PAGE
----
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6 Results for "by Michele Foster"

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Family Fun Seeker Itinerary Builder: Places to Go, Things to Do, Events and City Parks

by Michele Foster Use this itinerary builder to plan your family fun trip to Ventura, California! San Buenaventura State Beach, Historic Pier and Promenade Areas San Buenaventura State Beach A two-mile-long stretch of wide sandy beach, offering a range of family-friendly fun, including fishing, swimming, picnicking, bicycling and volleyball, among other outdoor activities. Set back...

DIY Specialty Food, Wine and Craft Beer Enthusiast Itinerary

blog by Michele Foster top image by Steve Cattanach Saturday is a great day to explore the rich specialty food, wine and craft beer scene in Ventura. 1. Start early Saturday morning at the Harbor Village Fisherman’s Market to take in the amazing variety of fresh seafood brought in by...

Itinerary Builder for the Arts and Culture Enthusiast

by Michele Foster Find a listing of Ventura arts and culture stops that you can add to your itinerary. Let us know if we missed anything! Galleries and Studios Many of the studios and exhibit spaces are by appointment only. Please call to verify hours before planning your visits. West...

Everything you need to know to plan a top-notch foodie itinerary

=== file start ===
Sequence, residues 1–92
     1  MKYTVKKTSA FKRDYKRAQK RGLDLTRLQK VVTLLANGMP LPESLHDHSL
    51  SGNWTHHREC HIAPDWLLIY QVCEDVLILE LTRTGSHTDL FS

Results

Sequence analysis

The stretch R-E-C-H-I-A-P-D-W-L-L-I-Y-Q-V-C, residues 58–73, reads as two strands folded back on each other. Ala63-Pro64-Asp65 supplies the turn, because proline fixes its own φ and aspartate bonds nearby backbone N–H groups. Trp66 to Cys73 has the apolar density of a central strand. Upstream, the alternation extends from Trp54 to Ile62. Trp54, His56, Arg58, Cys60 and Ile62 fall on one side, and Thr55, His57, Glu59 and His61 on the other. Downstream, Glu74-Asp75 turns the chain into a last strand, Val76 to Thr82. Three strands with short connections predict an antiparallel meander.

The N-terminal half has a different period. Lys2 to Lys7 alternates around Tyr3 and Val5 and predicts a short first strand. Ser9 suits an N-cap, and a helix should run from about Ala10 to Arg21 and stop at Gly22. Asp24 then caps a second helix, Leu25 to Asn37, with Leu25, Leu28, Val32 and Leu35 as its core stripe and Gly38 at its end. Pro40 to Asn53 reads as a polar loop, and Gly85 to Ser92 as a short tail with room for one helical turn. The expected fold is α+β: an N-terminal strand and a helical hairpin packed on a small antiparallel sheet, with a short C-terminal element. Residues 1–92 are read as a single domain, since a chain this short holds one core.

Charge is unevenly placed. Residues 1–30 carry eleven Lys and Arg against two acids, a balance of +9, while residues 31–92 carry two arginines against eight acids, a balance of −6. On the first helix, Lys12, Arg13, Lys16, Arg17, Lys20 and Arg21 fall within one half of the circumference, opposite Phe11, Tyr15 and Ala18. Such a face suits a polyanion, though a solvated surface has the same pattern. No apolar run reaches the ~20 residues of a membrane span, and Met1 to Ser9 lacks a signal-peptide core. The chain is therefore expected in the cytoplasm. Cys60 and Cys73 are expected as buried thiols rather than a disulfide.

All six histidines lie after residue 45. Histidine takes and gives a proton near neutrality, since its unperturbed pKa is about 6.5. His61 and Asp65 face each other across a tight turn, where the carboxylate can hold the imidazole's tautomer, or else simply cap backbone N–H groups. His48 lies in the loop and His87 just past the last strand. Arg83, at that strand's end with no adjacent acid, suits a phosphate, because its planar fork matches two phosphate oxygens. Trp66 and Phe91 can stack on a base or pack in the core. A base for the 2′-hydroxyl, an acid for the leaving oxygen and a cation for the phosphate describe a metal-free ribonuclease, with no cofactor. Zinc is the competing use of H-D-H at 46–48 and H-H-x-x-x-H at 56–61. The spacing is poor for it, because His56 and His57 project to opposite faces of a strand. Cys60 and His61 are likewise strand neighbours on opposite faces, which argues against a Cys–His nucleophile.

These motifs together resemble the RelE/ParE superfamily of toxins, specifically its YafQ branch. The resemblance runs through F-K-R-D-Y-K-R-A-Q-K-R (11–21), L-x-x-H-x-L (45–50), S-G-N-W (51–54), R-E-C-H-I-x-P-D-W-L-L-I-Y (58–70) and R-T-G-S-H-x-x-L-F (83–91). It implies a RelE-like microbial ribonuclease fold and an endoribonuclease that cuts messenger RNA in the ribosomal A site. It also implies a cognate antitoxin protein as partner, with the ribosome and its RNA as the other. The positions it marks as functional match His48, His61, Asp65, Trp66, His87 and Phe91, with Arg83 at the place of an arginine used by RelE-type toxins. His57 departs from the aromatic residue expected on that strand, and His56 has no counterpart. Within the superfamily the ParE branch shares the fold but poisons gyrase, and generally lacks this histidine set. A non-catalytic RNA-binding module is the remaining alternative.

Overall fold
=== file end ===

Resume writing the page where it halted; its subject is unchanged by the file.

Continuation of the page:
by Michele Foster Specialty Foods Paradise Pantry Restaurant and Cheese Shop Quality & palate driven, with a menu inspired by the artisan culture of Europe and the Mediterranean, the owners of Paradise Pantry are devoted to sharing their passion for fine foods. Their menu features an array of Ventura County’s...

Our Glorious Landmark

by Michele Foster San Buenaventura’s historic City Hall was built from 1912 to 1913, originally to house the Ventura County Courthouse. By that time, the area over which it presided had been a center of civilization for centuries. First, as a locus for the indigenous Chumash culture; and, later, in...

The Historic Moreton Bay Fig Tree in Ventura California

by Michele Foster Eucalyptus trees are now ubiquitous in California and it is commonly known that they were introduced during the Gold Rush era in hopes of providing fast growing timber for railroad ties.  While they didn’t quite work out for that purpose, they remain and have become a elemental part our southern California landscape....